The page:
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Title: Young mothers, social exclusion and citizenship
Author: Greene, S.
Awarding Body: University of Edinburgh
Current Institution: University of Edinburgh
Date of Award: 2004
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Abstract:
With the development of the Social Inclusion Unit, the 1997 New Labour government committed themselves to a process of reintegrating and increasing the participation of marginalised groups within mainstream society. A major development produced by the unit has been their ‘Report on Teenage Pregnancy’ (1999a) reflecting a political and social agenda aimed at decreasing teenage conceptions and pregnancies. One way that the government has attempted to achieve these goals has been through disseminating social and political discourse outlining the social problems associated with teenage pregnancy and young motherhood. This has resulted in the development of social policies and programmes aimed at decreasing teenage pregnancy and encouraging young mothers to access social welfare programmes that will increase their participation in the labour market. However, as this study will demonstrate, by focusing mainly on labour market participation as the route to inclusion, New Labour has systematically ignored other barriers to social inclusion that are experienced by young mothers such as their age, gender and race, and a lack of recognition of their working-class culture. Another main aim of this study is to demonstrate how young mothers’ experiences of social exclusion are intensified through New Labour’s view of active citizenship, which emphasises participation in the labour market, education, training programmes, and volunteerism. However, as this study will argue, the young mothers who participated in this study regularly engaged in the responsibilities associated with active citizenship through fulfilling the responsibilities associated with mothering and participating in community based activities and politics that are connected to the welfare of their children. Yet, because the responsibilities and duties associated with mothering are rarely, if ever, associated with active citizenship, young mothers remain excluded from experiencing substantive citizenship status. It will be also argued that because young motherhood is viewed as a social problem, young mothers often carry out their mothering in the public sphere under the gaze of social work and other human service professionals. This points to a contradiction inherent in liberal notions of citizenship that suggest that although the raising of children is a duty worthy of social and political attention, young motherhood fails to be viewed as an activity associated with citizenship. Through juxtaposing social inclusion strategies and programme with in-depth interviews and participant observation sessions with twenty young mothers from a socially deprived community in Scotland, this study will demonstrate how government strategies have failed to recognise the various factors associated with becoming a young mother, and the ways in which the activities associated with young motherhood demonstrate acts of citizenship. As such, this study will argue that young mothers’ experiences of social exclusion may be exacerbated rather than alleviated by New Labour’s social exclusion policies and programmes and their view of what it means to be an active citizen.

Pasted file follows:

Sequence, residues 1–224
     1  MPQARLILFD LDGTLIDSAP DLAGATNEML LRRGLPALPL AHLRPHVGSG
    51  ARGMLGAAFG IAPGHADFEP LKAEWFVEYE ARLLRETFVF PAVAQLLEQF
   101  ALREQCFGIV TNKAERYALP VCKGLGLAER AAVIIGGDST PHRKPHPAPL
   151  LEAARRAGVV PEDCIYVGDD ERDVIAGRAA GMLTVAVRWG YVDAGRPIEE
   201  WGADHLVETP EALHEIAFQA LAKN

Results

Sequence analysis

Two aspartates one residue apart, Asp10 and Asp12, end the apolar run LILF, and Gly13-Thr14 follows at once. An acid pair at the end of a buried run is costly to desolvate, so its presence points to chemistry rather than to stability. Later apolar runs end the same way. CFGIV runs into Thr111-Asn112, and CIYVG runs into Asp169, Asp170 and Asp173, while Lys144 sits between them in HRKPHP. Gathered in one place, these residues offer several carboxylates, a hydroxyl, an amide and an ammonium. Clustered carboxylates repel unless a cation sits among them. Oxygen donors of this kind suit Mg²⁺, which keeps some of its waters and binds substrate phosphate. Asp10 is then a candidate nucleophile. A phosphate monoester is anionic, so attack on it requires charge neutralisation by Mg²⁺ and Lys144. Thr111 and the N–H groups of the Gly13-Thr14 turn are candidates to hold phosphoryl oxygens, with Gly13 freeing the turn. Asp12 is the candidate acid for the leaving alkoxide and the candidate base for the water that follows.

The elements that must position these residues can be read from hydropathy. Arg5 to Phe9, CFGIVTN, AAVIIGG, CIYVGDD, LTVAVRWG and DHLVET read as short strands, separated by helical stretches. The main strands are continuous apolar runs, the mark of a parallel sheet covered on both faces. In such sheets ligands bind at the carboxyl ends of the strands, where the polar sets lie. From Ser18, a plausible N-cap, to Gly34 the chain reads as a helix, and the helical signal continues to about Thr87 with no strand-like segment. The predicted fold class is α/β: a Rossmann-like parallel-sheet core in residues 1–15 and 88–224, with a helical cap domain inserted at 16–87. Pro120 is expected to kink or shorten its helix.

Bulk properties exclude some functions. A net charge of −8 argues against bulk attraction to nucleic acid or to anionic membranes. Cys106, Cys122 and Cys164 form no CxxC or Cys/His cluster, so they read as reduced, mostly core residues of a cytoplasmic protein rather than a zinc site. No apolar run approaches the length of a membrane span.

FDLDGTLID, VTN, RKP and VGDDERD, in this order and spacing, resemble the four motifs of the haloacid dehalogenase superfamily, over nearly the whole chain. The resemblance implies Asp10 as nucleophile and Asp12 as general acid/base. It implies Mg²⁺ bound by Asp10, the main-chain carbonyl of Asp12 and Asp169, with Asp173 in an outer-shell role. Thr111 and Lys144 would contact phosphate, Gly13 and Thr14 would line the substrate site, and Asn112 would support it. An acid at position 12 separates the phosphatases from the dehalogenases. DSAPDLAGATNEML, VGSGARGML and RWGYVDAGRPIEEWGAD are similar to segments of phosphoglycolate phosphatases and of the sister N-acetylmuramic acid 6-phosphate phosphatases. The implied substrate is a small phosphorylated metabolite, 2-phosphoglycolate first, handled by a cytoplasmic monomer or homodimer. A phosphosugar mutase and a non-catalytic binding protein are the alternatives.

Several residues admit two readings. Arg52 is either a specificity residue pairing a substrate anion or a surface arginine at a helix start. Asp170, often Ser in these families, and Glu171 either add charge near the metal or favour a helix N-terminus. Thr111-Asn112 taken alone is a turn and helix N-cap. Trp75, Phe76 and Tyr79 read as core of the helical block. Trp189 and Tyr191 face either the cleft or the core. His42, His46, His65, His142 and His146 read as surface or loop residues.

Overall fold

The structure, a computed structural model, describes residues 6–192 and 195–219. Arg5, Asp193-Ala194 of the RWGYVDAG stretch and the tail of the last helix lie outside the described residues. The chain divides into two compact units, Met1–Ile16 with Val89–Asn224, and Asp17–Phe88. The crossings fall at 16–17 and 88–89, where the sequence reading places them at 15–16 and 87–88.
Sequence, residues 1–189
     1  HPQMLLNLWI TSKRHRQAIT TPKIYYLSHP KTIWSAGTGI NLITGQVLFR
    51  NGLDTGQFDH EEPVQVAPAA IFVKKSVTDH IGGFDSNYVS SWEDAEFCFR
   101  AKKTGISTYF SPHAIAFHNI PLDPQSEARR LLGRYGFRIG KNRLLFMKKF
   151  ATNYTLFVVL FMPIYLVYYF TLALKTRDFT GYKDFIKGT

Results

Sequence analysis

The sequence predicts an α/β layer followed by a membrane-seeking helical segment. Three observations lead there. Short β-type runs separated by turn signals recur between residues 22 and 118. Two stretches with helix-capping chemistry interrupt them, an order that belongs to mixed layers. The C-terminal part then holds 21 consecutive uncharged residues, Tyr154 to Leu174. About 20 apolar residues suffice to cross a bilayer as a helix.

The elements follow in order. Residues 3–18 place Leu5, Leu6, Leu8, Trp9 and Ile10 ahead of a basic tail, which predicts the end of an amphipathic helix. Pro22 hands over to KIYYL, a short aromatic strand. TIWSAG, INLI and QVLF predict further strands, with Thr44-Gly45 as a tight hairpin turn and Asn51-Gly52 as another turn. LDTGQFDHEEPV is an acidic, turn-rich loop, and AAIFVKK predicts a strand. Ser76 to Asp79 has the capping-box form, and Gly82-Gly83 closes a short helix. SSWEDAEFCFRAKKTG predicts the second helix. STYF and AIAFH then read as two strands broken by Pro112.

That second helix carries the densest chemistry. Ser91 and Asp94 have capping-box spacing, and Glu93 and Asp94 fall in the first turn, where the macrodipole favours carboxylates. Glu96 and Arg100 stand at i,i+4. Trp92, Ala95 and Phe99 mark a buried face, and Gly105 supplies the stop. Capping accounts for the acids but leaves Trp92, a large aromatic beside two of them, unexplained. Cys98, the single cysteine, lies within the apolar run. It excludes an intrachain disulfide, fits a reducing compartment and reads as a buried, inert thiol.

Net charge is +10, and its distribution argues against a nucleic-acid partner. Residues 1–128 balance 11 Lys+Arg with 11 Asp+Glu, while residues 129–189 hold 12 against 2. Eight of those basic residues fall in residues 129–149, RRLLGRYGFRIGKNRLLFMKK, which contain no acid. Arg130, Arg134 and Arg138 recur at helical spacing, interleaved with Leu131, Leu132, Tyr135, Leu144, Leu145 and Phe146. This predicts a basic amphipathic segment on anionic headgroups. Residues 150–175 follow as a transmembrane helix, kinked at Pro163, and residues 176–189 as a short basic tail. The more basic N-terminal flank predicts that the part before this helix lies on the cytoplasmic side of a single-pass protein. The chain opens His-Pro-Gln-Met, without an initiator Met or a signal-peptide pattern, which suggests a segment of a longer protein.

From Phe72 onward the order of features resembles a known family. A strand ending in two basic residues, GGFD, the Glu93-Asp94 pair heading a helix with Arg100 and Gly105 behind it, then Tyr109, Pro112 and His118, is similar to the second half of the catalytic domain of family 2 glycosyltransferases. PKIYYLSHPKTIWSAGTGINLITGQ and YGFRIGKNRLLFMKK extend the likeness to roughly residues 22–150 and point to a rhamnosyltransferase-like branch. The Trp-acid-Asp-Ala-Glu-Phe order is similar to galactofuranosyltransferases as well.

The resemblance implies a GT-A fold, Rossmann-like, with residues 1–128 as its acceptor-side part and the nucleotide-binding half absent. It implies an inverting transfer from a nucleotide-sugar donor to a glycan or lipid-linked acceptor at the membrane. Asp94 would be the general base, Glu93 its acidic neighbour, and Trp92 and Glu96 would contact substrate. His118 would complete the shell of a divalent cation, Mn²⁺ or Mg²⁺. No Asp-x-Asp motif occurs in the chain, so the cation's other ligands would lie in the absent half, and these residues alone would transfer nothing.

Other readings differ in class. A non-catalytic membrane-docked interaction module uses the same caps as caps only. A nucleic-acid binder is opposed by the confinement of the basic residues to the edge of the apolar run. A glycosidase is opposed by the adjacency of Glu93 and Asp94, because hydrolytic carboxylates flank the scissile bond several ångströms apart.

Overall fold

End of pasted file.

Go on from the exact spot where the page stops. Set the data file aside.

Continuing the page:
Supervisor: Not available Sponsor: Not available
Qualification Name: Thesis (Ph.D.) Qualification Level: Doctoral
EThOS ID: uk.bl.ethos.651792  DOI: Not available
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